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FUSION

Libertarians Need to Get Real About Politics

June 6, 2024

By Daniel Klein and Zachary Yost


All libertarians will agree that government exists in the United States. Thus, they will agree that governmental evil is afoot. They will also agree that that evil may be greater or lesser. Since it is fanciful to hope to eradicate governmental evil entirely, the conscience calls libertarians to mitigate governmental evil.

To do one’s part, one must formulate and assess rival evils. America has a two-party system, Democrat and Republican. That contest is not the only one; there are contests between rival evils that cut across the two parties and that divide either or both of the parties. But the choice between Democrats and Republicans remains highly salient. Given these choices, we contend that libertarians should usually favor Republicans over Democrats.


Mirror Images—Not

One way to dodge the taint of partisan politics is to dodge the call to recognize the central contest between Democrats and Republicans. And one way to do that is to maintain, as Johan Norberg recently has, that the matter is moot since the two parties are “mirror images” of one another.

Anthony Downs’s Economic Theory of Democracy, which builds on the mathematician Harold Hotelling, did not use an ice-cream sellers analogy to explain the relation between the two major parties, but others have. Suppose two ice-cream sellers compete in selling their ice cream to the bathers strewn uniformly along a beach. The key lesson is not that the two sellers would price their ice cream competitively; it is assumed that they charge the same price. And the key lesson was not that they would differentiate their products; it is assumed that they sell the exact same ice cream. The key lesson is that, with choosing location along the beach as their only decision, they would each locate so as to garner about 50 percent of the market.

Similar logic can theoretically be applied to a two-party system. Each party adjusts its appeal to garner sales. The equilibrium in the model is 50-50. Another set of decisions, such a scenario in which one garnered 49 percent while the other garnered 51 percent, would not be an equilibrium because the first would relocate to increase its market share.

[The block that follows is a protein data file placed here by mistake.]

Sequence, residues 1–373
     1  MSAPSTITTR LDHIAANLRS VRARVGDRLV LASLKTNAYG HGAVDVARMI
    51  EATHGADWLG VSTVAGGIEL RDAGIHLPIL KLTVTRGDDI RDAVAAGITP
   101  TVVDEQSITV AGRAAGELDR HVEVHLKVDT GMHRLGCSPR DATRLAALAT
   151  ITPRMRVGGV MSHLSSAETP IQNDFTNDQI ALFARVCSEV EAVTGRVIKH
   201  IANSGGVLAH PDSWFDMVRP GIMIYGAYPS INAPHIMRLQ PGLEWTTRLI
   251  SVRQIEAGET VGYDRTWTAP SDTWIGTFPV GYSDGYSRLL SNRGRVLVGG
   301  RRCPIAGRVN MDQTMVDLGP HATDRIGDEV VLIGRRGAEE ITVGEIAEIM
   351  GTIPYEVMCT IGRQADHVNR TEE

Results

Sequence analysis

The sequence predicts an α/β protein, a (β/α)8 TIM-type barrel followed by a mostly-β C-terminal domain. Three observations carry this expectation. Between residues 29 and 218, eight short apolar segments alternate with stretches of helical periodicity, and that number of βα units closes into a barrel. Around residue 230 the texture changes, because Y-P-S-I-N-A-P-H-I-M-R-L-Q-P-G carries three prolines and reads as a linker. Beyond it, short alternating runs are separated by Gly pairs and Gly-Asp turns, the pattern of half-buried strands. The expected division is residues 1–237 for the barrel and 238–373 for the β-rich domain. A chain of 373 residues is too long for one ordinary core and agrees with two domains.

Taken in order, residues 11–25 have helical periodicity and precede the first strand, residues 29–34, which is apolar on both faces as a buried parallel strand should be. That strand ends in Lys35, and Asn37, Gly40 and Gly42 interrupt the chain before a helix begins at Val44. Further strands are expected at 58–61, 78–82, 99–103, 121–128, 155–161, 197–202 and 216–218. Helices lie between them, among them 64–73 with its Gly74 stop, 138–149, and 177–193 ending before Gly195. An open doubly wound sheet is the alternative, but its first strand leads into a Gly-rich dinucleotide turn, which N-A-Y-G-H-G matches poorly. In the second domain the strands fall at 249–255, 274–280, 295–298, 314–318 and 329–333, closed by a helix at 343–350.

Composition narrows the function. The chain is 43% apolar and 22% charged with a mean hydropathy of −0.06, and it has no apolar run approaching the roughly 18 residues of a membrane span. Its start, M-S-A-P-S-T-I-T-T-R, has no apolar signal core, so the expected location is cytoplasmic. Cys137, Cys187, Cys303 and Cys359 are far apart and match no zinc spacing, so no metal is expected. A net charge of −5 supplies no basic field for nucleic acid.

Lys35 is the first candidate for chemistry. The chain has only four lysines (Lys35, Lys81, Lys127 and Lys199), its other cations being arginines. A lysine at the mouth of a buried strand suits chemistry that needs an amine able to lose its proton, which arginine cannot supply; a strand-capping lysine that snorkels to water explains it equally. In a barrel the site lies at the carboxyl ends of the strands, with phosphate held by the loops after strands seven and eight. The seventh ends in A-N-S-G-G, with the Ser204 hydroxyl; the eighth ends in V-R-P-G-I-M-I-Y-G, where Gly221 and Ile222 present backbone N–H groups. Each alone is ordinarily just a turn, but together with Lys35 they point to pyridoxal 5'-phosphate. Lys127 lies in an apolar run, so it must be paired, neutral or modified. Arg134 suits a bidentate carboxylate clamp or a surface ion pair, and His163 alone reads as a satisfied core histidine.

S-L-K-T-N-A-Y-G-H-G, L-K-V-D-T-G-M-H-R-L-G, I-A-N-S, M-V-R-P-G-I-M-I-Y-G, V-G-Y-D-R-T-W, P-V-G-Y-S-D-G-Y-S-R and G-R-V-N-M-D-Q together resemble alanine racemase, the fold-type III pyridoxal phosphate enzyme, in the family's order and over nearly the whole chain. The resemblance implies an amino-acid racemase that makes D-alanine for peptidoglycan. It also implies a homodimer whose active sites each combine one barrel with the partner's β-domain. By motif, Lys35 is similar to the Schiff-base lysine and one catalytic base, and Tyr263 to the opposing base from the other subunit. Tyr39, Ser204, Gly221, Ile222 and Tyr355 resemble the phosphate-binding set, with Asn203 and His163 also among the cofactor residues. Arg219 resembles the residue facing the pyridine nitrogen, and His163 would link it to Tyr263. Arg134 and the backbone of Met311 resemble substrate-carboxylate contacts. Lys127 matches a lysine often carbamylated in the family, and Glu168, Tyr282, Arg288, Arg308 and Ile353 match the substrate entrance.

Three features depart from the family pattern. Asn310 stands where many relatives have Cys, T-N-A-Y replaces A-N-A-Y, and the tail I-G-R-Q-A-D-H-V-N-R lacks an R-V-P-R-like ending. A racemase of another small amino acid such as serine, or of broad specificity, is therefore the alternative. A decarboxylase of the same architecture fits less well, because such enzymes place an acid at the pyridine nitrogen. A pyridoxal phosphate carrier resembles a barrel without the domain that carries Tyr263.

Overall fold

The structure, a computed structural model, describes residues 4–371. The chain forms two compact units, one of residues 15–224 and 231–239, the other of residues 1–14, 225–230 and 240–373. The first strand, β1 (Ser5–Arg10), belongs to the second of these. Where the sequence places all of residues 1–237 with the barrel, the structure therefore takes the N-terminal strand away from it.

Despite its value in explaining the 50–50 tendency, much about the ice-cream seller analogy for politics is misleading. In real life, the issues are myriad, and some kind of coherence extending over positions on the myriad issues must be formulated and expounded. Under these conditions, the premise of an electorate consisting of voters with settled preferences and, accordingly, a “median” voter becomes highly misleading.

  People’s interpretations of the differences between the two brands, Democrat and Republican, are inchoate, inarticulate, and disjointed. These interpretations are a matter of ongoing cultural struggle in which each party continually refashions its image or differentiation from the other party. Party leaders and entrepreneurs continually influence voters’ interpretations as to the differences between the parties.

In real life, further, some do not buy from either ice cream seller—they stay home or vote sideways (that is, they choose third parties, write-ins, “none of the above”). Tweedledee may fail to motivate. Why root for a team that is the mirror image of the other team?

  And even if one were able to tag positions on each of the myriad issues as “left” versus “right,”and make those tags common knowledge, the way each party cobbled together positions on the myriad of issues would not be the same. Also, they would not

necessarily achieve their overall goal by being moderate on each issue. Many other factors can upset a mirror-image tendency (sometimes called platform convergence), including the primary system, donor influence, and energizing activism; multi-peaked preferences; third-party turbulence; emphasis on reelection as opposed to initial election; and candidates prioritizing the common good above winning office (imagine that!).

The tendency for each party to garner 50 percent support makes sense. But a